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5 definitions found
 for gorge
From The Collaborative International Dictionary of English v.0.48 :

  Gorge \Gorge\, v. i.
     To eat greedily and to satiety. --Milton.
     [1913 Webster]

From The Collaborative International Dictionary of English v.0.48 :

  Gorge \Gorge\, n. [F. gorge, LL. gorgia, throat, narrow pass,
     and gorga abyss, whirlpool, prob. fr. L. gurgea whirlpool,
     gulf, abyss; cf. Skr. gargara whirlpool, g[.r] to devour. Cf.
     Gorget.]
     1. The throat; the gullet; the canal by which food passes to
        the stomach.
        [1913 Webster]
  
              Wherewith he gripped her gorge with so great pain.
                                                    --Spenser.
        [1913 Webster]
  
              Now, how abhorred! . . . my gorge rises at it.
                                                    --Shak.
        [1913 Webster]
  
     2. A narrow passage or entrance; as:
        (a) A defile between mountains.
        (b) The entrance into a bastion or other outwork of a
            fort; -- usually synonymous with rear. See Illust. of
            Bastion.
            [1913 Webster]
  
     3. That which is gorged or swallowed, especially by a hawk or
        other fowl.
        [1913 Webster]
  
              And all the way, most like a brutish beast,
              e spewed up his gorge, that all did him detest.
                                                    --Spenser.
        [1913 Webster]
  
     4. A filling or choking of a passage or channel by an
        obstruction; as, an ice gorge in a river.
        [1913 Webster]
  
     5. (Arch.) A concave molding; a cavetto. --Gwilt.
        [1913 Webster]
  
     6. (Naut.) The groove of a pulley.
        [1913 Webster]
  
     7. (Angling) A primitive device used instead of a fishhook,
        consisting of an object easy to be swallowed but difficult
        to be ejected or loosened, as a piece of bone or stone
        pointed at each end and attached in the middle to a line.
        [Webster 1913 Suppl.]
  
     Gorge circle (Gearing), the outline of the smallest cross
        section of a hyperboloid of revolution.
  
     Circle of the gorge (Math.), a minimum circle on a surface
        of revolution, cut out by a plane perpendicular to the
        axis.
  
     Gorge fishing, trolling with a dead bait on a double hook
        which the fish is given time to swallow, or gorge.
  
     Gorge hook, two fishhooks, separated by a piece of lead.
        --Knight.
        [1913 Webster + Webster 1913 Suppl.]

From The Collaborative International Dictionary of English v.0.48 :

  Gorge \Gorge\, v. t. [imp. & p. p. Gorged; p. pr. & vb. n.
     Gorging.] [F. gorger. See Gorge, n.]
     1. To swallow; especially, to swallow with greediness, or in
        large mouthfuls or quantities.
        [1913 Webster]
  
              The fish has gorged the hook.         --Johnson.
        [1913 Webster]
  
     2. To glut; to fill up to the throat; to satiate.
        [1913 Webster]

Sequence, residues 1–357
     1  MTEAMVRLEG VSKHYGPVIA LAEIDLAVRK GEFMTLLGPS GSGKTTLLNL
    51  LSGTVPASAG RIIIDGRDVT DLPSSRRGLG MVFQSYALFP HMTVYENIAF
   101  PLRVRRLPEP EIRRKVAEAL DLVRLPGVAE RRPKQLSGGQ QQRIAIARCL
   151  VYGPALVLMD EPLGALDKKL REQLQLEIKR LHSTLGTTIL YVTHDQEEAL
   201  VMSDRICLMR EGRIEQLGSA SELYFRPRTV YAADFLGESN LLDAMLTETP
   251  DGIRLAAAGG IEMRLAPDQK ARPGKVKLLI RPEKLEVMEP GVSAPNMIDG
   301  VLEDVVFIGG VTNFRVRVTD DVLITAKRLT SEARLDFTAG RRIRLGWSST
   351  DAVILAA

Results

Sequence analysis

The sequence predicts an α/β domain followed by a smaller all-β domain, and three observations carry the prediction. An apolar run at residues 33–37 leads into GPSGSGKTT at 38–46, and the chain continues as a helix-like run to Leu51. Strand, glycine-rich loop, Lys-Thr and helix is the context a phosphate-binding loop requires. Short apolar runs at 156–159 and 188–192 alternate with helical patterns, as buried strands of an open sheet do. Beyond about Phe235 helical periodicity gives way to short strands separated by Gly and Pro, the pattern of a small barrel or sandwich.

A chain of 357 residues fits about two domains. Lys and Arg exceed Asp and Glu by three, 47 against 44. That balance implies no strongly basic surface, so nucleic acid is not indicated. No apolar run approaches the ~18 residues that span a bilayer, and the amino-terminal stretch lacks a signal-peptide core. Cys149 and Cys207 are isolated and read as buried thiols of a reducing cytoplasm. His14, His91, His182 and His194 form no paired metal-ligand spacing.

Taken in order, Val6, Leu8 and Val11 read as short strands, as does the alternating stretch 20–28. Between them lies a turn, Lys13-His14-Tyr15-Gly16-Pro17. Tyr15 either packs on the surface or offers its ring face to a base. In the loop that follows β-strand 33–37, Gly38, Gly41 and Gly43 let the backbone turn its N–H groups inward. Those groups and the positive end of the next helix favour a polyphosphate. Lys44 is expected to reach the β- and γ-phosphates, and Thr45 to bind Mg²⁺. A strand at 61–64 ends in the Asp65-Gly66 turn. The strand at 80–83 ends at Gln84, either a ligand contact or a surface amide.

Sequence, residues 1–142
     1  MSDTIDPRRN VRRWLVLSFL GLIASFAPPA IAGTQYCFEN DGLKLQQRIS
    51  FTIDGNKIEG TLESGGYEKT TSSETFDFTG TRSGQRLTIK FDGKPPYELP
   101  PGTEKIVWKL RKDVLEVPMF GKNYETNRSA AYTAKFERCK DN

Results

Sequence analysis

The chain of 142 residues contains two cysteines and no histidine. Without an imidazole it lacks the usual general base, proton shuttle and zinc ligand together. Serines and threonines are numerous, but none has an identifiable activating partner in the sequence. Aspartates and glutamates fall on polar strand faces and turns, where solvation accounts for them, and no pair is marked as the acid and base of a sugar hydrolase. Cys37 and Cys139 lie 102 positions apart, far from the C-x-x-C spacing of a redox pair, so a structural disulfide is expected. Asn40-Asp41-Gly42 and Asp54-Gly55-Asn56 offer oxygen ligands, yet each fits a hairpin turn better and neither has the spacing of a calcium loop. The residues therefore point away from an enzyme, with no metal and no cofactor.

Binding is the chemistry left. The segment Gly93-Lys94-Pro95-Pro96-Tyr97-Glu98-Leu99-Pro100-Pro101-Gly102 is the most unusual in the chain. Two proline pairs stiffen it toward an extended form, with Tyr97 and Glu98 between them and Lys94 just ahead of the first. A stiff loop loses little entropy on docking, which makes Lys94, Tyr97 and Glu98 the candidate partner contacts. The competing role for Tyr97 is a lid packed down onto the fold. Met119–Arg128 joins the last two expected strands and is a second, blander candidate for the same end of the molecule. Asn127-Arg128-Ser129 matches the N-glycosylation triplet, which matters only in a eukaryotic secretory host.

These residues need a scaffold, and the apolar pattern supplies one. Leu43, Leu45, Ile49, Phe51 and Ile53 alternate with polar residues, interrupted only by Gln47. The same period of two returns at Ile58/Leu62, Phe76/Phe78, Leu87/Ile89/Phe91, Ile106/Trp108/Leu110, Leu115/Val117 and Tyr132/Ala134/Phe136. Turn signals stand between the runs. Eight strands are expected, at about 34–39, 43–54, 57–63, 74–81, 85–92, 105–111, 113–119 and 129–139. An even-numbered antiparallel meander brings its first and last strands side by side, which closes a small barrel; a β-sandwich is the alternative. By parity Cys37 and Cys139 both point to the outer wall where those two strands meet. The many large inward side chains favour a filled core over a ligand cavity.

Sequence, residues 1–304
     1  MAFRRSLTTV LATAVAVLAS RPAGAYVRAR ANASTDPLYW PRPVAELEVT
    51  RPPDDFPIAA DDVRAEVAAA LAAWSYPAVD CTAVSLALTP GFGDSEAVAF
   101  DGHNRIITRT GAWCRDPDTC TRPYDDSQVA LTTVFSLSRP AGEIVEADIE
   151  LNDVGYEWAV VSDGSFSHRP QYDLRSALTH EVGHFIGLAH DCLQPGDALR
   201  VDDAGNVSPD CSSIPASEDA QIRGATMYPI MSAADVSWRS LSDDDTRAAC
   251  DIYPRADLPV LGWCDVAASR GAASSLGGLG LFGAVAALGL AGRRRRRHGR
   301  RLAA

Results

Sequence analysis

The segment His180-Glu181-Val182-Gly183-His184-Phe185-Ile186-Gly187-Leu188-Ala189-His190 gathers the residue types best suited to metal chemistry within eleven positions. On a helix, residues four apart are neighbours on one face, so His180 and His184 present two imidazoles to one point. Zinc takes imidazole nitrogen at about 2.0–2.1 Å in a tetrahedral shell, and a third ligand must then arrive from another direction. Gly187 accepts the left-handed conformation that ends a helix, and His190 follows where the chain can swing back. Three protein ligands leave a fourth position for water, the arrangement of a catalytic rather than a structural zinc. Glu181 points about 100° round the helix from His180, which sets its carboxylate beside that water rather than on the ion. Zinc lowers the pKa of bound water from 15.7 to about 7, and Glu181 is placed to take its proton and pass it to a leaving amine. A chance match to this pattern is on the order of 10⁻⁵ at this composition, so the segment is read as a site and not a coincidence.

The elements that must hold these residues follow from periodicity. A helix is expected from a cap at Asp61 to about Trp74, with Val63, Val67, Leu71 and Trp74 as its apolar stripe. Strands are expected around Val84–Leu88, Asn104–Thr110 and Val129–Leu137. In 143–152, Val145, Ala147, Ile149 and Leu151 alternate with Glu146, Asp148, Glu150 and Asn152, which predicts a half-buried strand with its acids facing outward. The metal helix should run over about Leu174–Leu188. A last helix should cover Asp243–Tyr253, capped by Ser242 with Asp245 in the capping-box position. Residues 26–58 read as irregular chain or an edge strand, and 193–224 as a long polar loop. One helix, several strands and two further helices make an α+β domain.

The giant gorged with flesh.          --Addison.
        [1913 Webster]
  
              Gorge with my blood thy barbarous appetite.
                                                    --Dryden.
        [1913 Webster]

From WordNet (r) 3.0 (2006) :

  gorge
      n 1: a deep ravine (usually with a river running through it)
      2: a narrow pass (especially one between mountains) [syn:
         defile, gorge]
      3: the passage between the pharynx and the stomach [syn:
         esophagus, oesophagus, gorge, gullet]
      v 1: overeat or eat immodestly; make a pig of oneself; "She
           stuffed herself at the dinner"; "The kids binged on ice
           cream" [syn: gorge, ingurgitate, overindulge, glut,
           englut, stuff, engorge, overgorge, overeat,
           gormandize, gormandise, gourmandize, binge, pig
           out, satiate, scarf out]

From Moby Thesaurus II by Grady Ward, 1.0 :

  171 Moby Thesaurus words for "gorge":
     abysm, abyss, allay, arroyo, bar, barrier, batten, blank wall,
     blind alley, blind gut, block, blockade, blockage, bolt, bolt down,
     bottleneck, box canyon, breach, break, canyon, cavity, cecum, chap,
     chasm, check, chimney, chink, choke, choking, choking off, cleft,
     cleuch, clog, clough, clove, cloy, col, congest, congestion,
     constipation, costiveness, coulee, couloir, crack, cram, cranny,
     crevasse, crevice, crowd, cul-de-sac, cut, cwm, dead end, defile,
     dell, devour, dike, ditch, donga, draw, drench, embolism, embolus,
     engorge, esophagus, excavation, fauces, fault, fill, fill up,
     fissure, flaw, flume, fracture, furrow, gap, gape, gash, gill,
     glut, gluttonize, gobble, goozle, gormandize, groove, gulch, gulf,
     gullet, gully, gulp, gulp down, guttle, guzzle, hals, hole,
     impasse, impediment, incision, infarct, infarction, jade, jam,
     jam-pack, joint, kloof, leak, live to eat, moat, notch, nullah,
     obstacle, obstipation, obstruction, opening, overburden,
     overcharge, overdose, overeat, overfeed, overfill, overgorge,
     overindulge, overlade, overload, oversaturate, overstuff,
     overweight, pack, pall, pass, passage, pharynx, raven, ravine,
     rent, rift, rime, rupture, sate, satiate, satisfy, saturate,
     scissure, sealing off, seam, slake, slit, slot, soak, split, stall,
     stodge, stop, stoppage, strangulation, stuff, supercharge,
     supersaturate, surcharge, surfeit, swallow, throat, trench, valley,
     void, vomit, wadi, weasand, wizen, wolf, wolf down
  
  

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